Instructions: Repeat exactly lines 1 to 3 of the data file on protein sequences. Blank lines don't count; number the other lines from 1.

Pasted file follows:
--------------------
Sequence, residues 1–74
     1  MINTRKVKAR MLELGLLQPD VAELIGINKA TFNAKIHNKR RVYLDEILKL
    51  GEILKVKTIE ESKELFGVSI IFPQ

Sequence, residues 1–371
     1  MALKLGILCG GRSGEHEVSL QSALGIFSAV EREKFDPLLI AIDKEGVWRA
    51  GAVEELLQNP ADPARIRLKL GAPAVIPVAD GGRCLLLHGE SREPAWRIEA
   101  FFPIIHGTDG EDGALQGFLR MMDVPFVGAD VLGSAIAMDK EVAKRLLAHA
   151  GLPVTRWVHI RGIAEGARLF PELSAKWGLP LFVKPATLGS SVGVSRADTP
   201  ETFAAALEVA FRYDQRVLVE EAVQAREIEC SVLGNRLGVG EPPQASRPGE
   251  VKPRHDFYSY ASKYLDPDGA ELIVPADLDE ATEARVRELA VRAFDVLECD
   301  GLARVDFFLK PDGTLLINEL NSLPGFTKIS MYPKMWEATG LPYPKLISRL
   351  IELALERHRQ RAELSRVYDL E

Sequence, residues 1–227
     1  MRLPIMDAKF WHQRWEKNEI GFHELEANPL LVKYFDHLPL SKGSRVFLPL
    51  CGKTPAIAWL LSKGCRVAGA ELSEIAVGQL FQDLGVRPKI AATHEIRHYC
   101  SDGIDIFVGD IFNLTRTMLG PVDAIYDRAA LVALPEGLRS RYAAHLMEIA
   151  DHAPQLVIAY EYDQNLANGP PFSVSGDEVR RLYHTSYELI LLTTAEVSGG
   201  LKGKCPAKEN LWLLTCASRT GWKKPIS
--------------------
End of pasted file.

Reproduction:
Sequence, residues 1–74
     1  MINTRKVKAR MLELGLLQPD VAELIGINKA TFNAKIHNKR RVYLDEILKL
    51  GEILKVKTIE ESKELFGVSI IFPQ